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Fair Pay Legislation Passed

Despite widespread opposition from the business community, the Government passed the Fair Pay Agreements legislation (FPA) into law on Wednesday (October 26), with this set to be one of the most significant recent changes to New Zealand’s employment relations system.

Despite this only being passed into legislation last week, we are aware that unions are already contacting Employers seeking to commence the FPA process, including wanting access to speak to the workforce about these agreements. The Bill will not pass formally into law until December 1 with there currently being no firm process in place to start bargaining for an FPA.

At this stage the details are still very vague however the two most important things for Employers to note are: 

  1. The Bill does not become law until December 1 and therefore you don’t have to engage if you don’t want to or are not ready to. 
  2. Even if the union has the required 1,000 signatures nationwide to instigate the process of a FPA claim, an FPA will not become enforceable until it is approved by MBIE.

The only issues you need to consider at the current point in time are; if you believe your business is likely to be subject to an FPA Claim, how you want to engage in the process, and whether this would be through an industry bargaining agent. Organisations such as the Employers and Manufacturers Association (EMA) and their regional network partners, including Business Central, Canterbury Employers’ Chamber of Commerce and Business South, are likely to be the logical industry-wide bargaining agents.

The other key issue to consider at this time is that not all businesses are likely to be the target of FPA claims. It appears that the initial focus of the unions will be the hospitality and retail sectors with security guards and cleaning services also high on the Government’s agenda.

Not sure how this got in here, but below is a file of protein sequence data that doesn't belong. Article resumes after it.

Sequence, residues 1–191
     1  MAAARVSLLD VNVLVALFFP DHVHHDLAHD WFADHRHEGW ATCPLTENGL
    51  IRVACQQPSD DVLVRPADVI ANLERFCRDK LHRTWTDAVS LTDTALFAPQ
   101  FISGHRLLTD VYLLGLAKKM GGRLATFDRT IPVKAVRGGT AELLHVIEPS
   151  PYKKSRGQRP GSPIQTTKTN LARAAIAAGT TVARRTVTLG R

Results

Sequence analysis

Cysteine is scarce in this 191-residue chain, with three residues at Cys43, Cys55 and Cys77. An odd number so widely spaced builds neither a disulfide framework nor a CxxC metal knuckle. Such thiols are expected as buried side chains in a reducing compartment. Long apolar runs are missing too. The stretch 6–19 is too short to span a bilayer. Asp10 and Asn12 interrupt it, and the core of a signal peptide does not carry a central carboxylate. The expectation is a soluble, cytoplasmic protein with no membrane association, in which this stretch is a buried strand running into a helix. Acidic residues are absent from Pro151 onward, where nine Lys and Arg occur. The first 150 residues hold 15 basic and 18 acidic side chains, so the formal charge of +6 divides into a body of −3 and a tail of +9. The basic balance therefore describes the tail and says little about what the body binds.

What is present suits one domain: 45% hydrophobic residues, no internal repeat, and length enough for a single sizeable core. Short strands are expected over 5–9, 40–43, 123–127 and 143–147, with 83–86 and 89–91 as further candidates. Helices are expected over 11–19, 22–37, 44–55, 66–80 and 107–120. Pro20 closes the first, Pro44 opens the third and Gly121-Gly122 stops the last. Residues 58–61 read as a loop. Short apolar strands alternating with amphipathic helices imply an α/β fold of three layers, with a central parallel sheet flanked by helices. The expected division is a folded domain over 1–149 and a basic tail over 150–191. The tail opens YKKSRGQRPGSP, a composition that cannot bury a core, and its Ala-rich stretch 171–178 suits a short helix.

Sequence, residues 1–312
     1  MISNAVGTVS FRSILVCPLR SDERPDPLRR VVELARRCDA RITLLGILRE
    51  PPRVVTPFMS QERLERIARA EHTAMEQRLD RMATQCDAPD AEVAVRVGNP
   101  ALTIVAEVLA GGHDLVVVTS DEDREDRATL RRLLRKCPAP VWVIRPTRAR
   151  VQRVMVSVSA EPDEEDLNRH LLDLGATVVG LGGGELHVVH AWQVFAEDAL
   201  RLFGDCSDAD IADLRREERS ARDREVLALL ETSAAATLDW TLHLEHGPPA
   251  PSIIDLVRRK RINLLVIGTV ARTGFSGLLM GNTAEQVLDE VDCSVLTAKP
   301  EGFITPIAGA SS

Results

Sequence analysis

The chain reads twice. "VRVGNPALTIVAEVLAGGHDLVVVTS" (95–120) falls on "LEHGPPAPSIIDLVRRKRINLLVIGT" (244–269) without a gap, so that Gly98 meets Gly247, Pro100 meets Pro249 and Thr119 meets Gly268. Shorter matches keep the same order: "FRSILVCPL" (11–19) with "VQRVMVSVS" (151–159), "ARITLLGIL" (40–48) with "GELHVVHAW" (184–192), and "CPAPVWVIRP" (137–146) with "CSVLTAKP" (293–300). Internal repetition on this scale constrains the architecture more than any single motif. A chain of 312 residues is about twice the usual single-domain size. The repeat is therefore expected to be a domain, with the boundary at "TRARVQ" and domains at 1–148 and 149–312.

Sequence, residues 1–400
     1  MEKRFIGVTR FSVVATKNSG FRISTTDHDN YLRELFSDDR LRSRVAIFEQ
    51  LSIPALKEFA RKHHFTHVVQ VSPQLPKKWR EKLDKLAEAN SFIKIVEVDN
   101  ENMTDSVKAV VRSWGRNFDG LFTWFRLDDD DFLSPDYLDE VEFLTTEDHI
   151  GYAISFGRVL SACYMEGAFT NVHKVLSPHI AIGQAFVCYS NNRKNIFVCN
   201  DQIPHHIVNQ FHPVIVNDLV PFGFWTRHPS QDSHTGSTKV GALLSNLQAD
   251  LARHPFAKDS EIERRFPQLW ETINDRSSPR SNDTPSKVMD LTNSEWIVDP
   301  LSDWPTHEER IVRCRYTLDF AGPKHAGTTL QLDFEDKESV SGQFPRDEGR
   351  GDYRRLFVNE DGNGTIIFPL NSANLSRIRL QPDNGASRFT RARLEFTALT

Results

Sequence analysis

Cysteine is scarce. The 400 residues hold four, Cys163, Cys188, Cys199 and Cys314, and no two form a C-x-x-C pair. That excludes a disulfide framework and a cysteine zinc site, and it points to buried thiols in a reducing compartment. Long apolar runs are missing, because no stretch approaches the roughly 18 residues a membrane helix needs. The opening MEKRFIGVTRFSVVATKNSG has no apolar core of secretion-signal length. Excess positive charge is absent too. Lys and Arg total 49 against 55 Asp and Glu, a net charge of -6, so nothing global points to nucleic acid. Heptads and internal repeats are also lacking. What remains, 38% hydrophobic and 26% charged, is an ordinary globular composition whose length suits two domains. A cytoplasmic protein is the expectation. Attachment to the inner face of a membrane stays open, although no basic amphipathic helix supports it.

What are Fair Pay Agreements? 

An FPA, once approved by MBIE, will set the pay and employment conditions (including wage and overtime rates, hours of work, leave and training entitlements for all workers falling under the coverage, with this being in place for a period of between 3 and 5 years. The FPA effectively becomes a Compulsory Collective Agreement for everyone in an entire industry group or occupation. 

FPA’s are initiated by a Union who has gathered signatures from at least 1000 employees working within the particular work sector, or at least 10% of the employees in the industry or occupation, whichever is the lower. 

The Government’s objective is to address the concerns that they perceive to exist in “low-paid” employment sectors where they believe employees have little bargaining power and a lack of pay progression. 

One concerning factor in the legislation is that this gives power to the Employment Relations Authority to fix the terms of an FPA without Employer input if the Employer organisations fail to participate in the process. In this case, based on examples in similar legislation in Australia, this usually results in a reinforcement of the Union’s claims. 

Another concerning factor is that the Employee’s full role does not need to be the same as the scope of the FPA. Where at least 25% of the employee’s role is covered by an FPA, that Employee will be covered by the FPA. 

FPA’s will not replace Individual Employment Agreements or Collective Agreements but will be the presiding document where the FPA’s terms and conditions are more favourable. 

There is a lot more to come out on the implementation of FPA’s and we will keep you updated as much as possible as this come available, however, if you do believe that your business is likely to be an early target from a Union, please feel free to contact us to discuss your obligations and options. 

Russell has extensive experience in bargaining Collective Agreements and negotiating with Unions. His knowledge and experience may prove invaluable if you find yourself being approached.

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